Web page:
Tag Archives: Tyrannosaurus Rex

Life, uh, finds a way...to eat you.

Even before LEGO’s recent release of 75936 Jurassic Park T-Rex Rampage, dinosaurs have been a popular subject for builders. ZiO Chao has apparently found the historically-based thunder lizards a bit too tame, though. Why just recreate a single species when you can add in a bit of mad science to remix the most fearsome aspects of three of them? ZiO has combined the raptor, T-Rex, and spinosaurus into a reptilian death machine named Spino-Tyraptor. This model is highly poseable, including some creative arm joints using pneumatic T-pieces. The head is expertly shaped, and the use of a spoiler for the tongue really works well.

Spino-Tyraptor

Just as nature intended, the most eye-catching part of the creature is the fin. Carrying the dark red of the head along the spine, it reaches up with brighter reds highlighted with grey and orange 1×1 round plate and capped with quarter-round coral tile. We may not know what the true function of spinosaurus’ fin was, but I’m guessing here it’s a combination of threat display, heat regulation, and wi-fi antenna. Hey, if you’re going to genetically mix something like this, why stop at what nature thought of?

Spino-Tyraptor

LEGO 75936 Jurassic Park T-rex Rampage now available for VIPs with Space Rocket Ride promotional set [News]

You can now own and build the largest dinosaur ever created in a LEGO set. 75936 Jurassic Park: T. rex Rampage is now available to LEGO VIP members for US $249.99 | CAN $299.99 | UK £219.99. LEGO VIP membership is free, but if you don’t want LEGO perks and the occasional free set with purchase, this terrific Tyrannosaurus will be generally available beginning July 1st.

Also the LEGO Ideas 40335 Space Rocket Ride promotion we reviewed a few weeks ago is now available with purchases more than $99 through the end of the month, so the behemoth Jurassic Park set certainly qualifies. Too bad the dinosaur can’t fit on the space ship…

LEGO 75936 Jurassic Park: T. rex Rampage, the biggest LEGO dino ever [Review + Interview]

Last week, LEGO announced the biggest set yet in the Jurassic World license, 75936 Jurassic Park: T. rex Rampage. While most of the LEGO Jurassic World theme has centered around the new films starring Chris Pratt, this is the second time LEGO has revisited the 1993 Spielberg classic film, following 75932 Jurassic Park Velociraptor Chase last year. With 3,120 pieces, this new set banks on scale with a huge Tyrannosaurus Rex and Jurassic Park gate, which are much larger than minifigure scale. In addition to our usual review, we also had the chance to speak to LEGO Senior Designer Mark Stafford about the set. T. rex Rampage will retail for US $249.99 | CAN $299.99 | UK £219.99 beginning June 19th for LEGO VIPs, with general availability beginning July 1st.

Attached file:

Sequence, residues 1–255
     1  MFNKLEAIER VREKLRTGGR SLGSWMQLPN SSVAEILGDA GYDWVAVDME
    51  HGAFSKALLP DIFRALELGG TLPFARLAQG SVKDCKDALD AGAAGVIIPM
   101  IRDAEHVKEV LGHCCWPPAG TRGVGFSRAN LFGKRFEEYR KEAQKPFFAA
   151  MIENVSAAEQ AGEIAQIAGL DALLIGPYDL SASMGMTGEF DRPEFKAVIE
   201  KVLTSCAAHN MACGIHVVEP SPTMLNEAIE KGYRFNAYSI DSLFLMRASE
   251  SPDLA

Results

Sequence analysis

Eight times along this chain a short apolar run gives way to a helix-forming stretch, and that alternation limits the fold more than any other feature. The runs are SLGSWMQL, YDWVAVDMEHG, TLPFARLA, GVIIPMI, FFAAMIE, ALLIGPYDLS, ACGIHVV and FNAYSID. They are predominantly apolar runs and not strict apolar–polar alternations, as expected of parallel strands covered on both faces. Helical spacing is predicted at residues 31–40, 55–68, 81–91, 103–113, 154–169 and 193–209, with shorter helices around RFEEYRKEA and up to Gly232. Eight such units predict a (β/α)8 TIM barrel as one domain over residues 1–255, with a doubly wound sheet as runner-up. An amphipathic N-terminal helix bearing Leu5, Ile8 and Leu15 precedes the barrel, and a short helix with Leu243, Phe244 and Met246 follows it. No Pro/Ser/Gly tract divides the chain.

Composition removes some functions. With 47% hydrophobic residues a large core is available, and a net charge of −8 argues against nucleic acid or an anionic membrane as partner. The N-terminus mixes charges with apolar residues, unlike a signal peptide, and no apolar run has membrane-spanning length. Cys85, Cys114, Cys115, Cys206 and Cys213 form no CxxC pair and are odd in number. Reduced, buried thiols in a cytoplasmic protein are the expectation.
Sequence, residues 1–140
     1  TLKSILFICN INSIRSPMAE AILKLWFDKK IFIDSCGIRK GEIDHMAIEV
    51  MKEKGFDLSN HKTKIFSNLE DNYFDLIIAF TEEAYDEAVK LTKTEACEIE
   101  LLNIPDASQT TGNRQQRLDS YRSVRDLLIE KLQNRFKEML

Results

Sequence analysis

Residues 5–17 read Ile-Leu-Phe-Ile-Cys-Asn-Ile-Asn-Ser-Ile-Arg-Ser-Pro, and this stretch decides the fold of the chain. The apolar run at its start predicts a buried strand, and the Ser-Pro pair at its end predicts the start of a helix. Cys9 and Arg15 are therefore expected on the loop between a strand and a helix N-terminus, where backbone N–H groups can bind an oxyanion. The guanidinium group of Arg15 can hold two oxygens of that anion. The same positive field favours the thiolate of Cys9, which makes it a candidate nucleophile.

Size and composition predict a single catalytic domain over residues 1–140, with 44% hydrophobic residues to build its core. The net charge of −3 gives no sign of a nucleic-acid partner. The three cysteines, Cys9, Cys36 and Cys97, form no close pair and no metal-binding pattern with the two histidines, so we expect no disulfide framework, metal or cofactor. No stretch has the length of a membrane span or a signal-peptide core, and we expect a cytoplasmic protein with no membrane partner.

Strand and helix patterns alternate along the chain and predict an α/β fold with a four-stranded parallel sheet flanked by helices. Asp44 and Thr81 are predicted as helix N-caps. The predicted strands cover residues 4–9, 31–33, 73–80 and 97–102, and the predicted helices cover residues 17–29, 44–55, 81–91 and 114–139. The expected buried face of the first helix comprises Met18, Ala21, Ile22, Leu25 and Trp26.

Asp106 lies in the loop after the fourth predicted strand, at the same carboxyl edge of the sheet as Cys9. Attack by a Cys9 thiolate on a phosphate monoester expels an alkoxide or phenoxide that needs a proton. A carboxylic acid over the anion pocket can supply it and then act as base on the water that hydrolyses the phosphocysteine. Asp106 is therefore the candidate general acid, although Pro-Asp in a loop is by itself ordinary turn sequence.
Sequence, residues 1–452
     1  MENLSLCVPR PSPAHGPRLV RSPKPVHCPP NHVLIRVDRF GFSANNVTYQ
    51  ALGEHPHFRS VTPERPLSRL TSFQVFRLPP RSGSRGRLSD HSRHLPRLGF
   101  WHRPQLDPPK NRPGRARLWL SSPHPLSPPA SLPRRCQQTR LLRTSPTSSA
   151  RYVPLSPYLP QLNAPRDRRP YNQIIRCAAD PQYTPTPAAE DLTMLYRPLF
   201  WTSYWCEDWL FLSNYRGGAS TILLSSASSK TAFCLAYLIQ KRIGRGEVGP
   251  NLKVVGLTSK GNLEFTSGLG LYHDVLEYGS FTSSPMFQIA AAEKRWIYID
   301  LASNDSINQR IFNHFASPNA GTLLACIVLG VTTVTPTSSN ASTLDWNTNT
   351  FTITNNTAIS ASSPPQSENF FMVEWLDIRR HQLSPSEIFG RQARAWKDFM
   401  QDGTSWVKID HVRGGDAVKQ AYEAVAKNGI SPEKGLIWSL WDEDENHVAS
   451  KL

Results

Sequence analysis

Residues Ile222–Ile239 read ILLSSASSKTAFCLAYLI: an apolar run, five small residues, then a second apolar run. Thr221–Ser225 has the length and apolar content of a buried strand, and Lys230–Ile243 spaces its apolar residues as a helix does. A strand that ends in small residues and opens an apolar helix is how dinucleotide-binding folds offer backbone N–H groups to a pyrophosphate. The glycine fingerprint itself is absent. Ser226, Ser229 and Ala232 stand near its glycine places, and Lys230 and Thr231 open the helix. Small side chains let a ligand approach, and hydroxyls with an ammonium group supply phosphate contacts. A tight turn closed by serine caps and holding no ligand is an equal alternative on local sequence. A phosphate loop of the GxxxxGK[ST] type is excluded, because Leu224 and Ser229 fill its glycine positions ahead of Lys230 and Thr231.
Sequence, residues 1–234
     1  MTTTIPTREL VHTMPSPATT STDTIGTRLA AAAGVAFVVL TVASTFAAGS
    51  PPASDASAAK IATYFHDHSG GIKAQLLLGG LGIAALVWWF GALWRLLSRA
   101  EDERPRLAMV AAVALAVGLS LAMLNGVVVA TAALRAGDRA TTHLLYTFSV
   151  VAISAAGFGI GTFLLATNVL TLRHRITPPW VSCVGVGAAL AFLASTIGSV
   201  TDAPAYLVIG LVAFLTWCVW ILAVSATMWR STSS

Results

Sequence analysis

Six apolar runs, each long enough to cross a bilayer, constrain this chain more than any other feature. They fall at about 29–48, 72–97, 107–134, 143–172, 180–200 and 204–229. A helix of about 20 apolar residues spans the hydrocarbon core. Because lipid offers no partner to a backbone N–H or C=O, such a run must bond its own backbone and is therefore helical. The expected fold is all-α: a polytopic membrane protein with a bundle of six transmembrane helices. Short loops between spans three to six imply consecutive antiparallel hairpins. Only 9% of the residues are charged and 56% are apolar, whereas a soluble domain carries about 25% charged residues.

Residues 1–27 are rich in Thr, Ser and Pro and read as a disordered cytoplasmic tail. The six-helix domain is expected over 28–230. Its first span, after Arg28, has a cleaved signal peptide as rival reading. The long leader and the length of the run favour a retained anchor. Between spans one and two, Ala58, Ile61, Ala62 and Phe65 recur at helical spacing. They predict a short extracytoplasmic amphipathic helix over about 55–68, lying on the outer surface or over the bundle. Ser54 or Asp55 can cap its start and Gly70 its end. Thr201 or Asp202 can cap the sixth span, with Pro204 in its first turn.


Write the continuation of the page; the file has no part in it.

Click to read the full review

LEGO reveals 75936 Jurassic Park T-Rex Rampage featuring the largest dinosaur ever in an official set [News]

Welcome… to LEGO Jurassic Park. LEGO has officially revealed 75936 Jurassic Park: T. rex Rampage, a behemoth of a set towering nearly a foot and a half high and clocking in at 3,120 pieces. The set comes with the largest brick-built dinosaur ever released in an official LEGO set–a gigantic Tyrannosaurs Rex–along with the iconic front gate to Jurassic Park and six minifigures including John Hammond, Ian Malcolm, Ellie Sattler, Alan Grant, Ray Arnold and Dennis Nedry.

The set will retail for US $249.99 | CAN $299.99 | UK £219.99 beginning June 19th for LEGO VIPs (free for anyone to join) with general availability beginning July 1st.
Update: be sure to read our review of 75936 Jurassic Park: T. rex Rampage, which includes an interview with the set’s designer.

 

Click to get a closer look at this epic Jurassic Park set

Tyrannosaurus drives, tyrannosaurus rex!

When communicating with other people, have you ever noticed that LEGO pieces can be much more effective than words? Especially when describing unusual things, like, uh… a hilarious red T-rex on a six-wheel drive with a wrecking ball instead of his tail? Words are helpless! However, LEGO 7 manages to convey the idea just perfectly and designs an amazing creature. Now, this is what I’m talking about!

DINOTRUX-Ty Rux

The TBB Field Guide to LEGO Dinosaurs: A Jurassic World Compendium [Review and Infographics]

When the new wave of LEGO Jurassic World sets came out, we couldn’t wait to get our hands on the dinosaurs. The children in us immediately began stomping them around and making roaring noises. Here at The Brothers Brick, we are not ashamed to say we get giddy while playing with toy dinosaurs. We’re also not ashamed to say we are serious nerds. After our dino-dueling escapades, we began to wonder how accurate they are to the real things. As far as scientists can hypothesize, that is. So we did some not-so-archaeological digging — after all, it’s palaeontologists who study dinosaurs, not archaeologists, as Andrew our Editor-in-Chief (and resident archaeology buff) likes to remind everybody!

As it turns out, there is a vast amount of knowledge that scientists have obtained from the fossils of these creatures. That being said, there is a lot of information that they still don’t know, as well as much heated debate on the truth about each one. The Jurassic Park and Jurassic World franchise has been both heavily criticized and applauded for its attempts at realism. But without getting too wrapped up in the debates, we’ll take a look at the best working knowledge of these dinosaurs. So put on your favorite leather vest or red bandana and paleontologist’s expedition hat, because away we go!

Read on to unlock the mysteries!